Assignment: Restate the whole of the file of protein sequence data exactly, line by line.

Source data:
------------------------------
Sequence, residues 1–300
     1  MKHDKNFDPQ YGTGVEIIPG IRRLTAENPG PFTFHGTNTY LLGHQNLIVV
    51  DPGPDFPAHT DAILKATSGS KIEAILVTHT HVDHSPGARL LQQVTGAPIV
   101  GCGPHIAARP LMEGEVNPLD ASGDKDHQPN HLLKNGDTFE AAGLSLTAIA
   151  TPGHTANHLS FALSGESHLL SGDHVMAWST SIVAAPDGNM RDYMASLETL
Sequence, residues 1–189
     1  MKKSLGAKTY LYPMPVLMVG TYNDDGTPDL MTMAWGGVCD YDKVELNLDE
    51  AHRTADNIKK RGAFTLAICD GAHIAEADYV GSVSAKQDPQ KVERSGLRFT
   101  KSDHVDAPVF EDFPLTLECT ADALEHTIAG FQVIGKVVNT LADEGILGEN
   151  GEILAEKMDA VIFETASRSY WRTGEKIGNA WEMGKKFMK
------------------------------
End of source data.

Sequence, residues 1–300
     1  MKHDKNFDPQ YGTGVEIIPG IRRLTAENPG PFTFHGTNTY LLGHQNLIVV
    51  DPGPDFPAHT DAILKATSGS KIEAILVTHT HVDHSPGARL LQQVTGAPIV
   101  GCGPHIAARP LMEGEVNPLD ASGDKDHQPN HLLKNGDTFE AAGLSLTAIA
   151  TPGHTANHLS FALSGESHLL SGDHVMAWST SIVAAPDGNM RDYMASLETL
Sequence, residues 1–189
     1  MKKSLGAKTY LYPMPVLMVG TYNDDGTPDL MTMAWGGVCD YDKVELNLDE
    51  AHRTADNIKK RGAFTLAICD GAHIAEADYV GSVSAKQDPQ KVERSGLRFT
   101  KSDHVDAPVF EDFPLTLECT ADALEHTIAG FQVIGKVVNT LADEGILGEN
   151  GEILAEKMDA VIFETASRSY WRTGEKIGNA WEMGKKFMK